Karim Benzema has had an unusual career at the Santiago Bernabeu. This is his 10th season in Madrid, making him the third-longest serving current player behind Marcelo and Sergio Ramos. He has scored almost a goal every other game and assisted on average once every four games. Somehow, he has never quite been adored in the same way as some of his teammates. Under the shadow of more electric, creative players he has gone underappreciated.
This season has been disjointed for him. Four goals in the first three La Liga games were then followed by a drought that ended last night. That run of eight games in all competitions without a goal cast doubts over his effectiveness in the post-Ronaldo era. How does he thrive best? Is the lack of Ronaldo a blessing in disguise or a hindrance? Here we compare two performances, in particular, to see how he thrives and how he fails.
Stellar Benzema performance against Viktoria Plzen
Opening the scoring in the 11th minute was an ideal way to boost his confidence after a dire run of goalscoring form. Lucas Vazquez drifted in a perfect cross for the Frenchman to pounce. It had been over nine hours since his last goal, and it boosted his confidence immensely. As Real dominated possession, Benzema completed an impressive five dribbles. The rest of the team put together just two in total. Last season he averaged just two shots per game, a very low statistic for a main striker. Against Viktoria Plzen, his five shots were only lower than Gareth Bale’s six.
In the three previous seasons, he had never averaged more than 1.9 completed dribbles per 90 minutes. This can in part be explained by his role as focal point pinned to the opposition defence. Ronaldo’s unconventional role could only function if there was a disciplined framework around him.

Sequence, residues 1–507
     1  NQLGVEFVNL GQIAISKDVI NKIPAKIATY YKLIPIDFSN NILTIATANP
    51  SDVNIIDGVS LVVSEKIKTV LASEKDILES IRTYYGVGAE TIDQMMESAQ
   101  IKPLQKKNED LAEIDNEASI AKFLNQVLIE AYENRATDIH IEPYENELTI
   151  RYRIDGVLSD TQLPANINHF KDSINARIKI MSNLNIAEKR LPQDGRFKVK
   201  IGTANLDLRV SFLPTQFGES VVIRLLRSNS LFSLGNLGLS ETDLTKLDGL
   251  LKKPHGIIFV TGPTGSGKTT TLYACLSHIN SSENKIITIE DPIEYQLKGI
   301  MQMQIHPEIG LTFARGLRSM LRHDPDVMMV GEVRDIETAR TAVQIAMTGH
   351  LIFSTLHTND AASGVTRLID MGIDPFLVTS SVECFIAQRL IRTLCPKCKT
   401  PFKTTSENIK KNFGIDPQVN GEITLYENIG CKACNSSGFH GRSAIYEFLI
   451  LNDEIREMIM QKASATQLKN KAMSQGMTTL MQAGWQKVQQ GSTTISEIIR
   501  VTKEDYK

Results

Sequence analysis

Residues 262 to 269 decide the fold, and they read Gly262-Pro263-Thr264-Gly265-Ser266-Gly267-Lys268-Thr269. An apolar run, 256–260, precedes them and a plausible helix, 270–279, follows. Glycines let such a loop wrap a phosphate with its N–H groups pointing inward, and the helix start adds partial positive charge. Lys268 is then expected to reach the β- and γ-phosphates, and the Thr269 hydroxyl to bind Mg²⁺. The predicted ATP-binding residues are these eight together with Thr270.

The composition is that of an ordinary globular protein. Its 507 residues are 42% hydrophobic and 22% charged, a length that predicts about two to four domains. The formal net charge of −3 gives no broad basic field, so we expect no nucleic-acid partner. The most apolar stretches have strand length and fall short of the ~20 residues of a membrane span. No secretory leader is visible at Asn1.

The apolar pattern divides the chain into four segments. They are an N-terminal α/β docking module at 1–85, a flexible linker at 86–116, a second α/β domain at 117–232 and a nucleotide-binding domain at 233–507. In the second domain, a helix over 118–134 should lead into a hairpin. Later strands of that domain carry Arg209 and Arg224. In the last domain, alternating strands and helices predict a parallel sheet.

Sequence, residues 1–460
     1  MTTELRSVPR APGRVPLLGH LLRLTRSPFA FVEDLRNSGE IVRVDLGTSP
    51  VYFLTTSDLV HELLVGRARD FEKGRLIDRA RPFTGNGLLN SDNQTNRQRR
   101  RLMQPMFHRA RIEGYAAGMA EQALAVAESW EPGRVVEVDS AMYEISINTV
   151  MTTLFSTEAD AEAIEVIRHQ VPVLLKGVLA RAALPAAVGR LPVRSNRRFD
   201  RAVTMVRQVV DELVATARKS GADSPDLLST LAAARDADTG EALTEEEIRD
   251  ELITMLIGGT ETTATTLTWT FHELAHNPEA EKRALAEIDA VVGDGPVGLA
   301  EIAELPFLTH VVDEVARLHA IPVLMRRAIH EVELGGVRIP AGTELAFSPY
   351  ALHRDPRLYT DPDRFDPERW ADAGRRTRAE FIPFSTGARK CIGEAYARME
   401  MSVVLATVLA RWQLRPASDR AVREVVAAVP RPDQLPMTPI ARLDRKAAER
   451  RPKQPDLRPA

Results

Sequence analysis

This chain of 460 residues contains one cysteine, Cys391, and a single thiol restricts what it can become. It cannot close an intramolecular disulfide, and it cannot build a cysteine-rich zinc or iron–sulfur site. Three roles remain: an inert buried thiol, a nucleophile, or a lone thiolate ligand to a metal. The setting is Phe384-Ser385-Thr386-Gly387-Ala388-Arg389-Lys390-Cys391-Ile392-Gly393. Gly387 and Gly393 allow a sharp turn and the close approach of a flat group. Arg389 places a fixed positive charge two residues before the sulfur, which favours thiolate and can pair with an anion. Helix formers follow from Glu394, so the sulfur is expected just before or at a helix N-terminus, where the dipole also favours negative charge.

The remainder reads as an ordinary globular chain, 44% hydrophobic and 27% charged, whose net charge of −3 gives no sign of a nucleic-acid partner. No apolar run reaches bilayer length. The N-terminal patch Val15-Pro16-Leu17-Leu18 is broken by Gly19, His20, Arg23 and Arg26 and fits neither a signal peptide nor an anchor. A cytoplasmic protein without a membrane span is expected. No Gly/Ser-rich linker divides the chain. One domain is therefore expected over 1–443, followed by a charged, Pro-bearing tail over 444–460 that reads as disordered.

Wasteful performance against CSKA Moscow
It might seem unfair to compare a home performance with an away one, but certain statistics make this valid. For a start, in Moscow Real had a whopping 72% possession, compared to 69% last night. The atmosphere and pressure are intangible factors admittedly, but the style of game was not entirely different.
Benzema had Vazquez on one flank again, but this time Marco Asensio on the other. The latter had a completely anonymous performance and rarely fed Benzema anything. As a result, the striker had to drop deep on numerous occasions just to find the ball. As you can see from his heat map below on the right, his 50 touches were over almost the entire pitch. This is despite how deep the concentration of CSKA touches were.
He was dispossessed three times, more than any other player, and had a joint-high two unsuccessful touches. This was a consequence of his unorthodox positioning on the pitch, and a lack of service.
With the faster and more direct Bale on the left flank, Benzema is far more effective. The five shots against CSKA all being off target tells of his lack of effectiveness in front of goal. He resorted to taking chances from distance without a coherent supply line.
Whatever anyone’s personal view of Karim Benzema, he guarantees goals if given the opportunity. The caveat is that he needs the right kind of service. In the absence of Ronaldo, the entire shape of Real Madrid’s attacks is naturally different. Asensio and Vazquez as a wide pair are perhaps not the most likely to get the best out of Benzema – the question is, are his goals worth shaping the rest of team to suit him?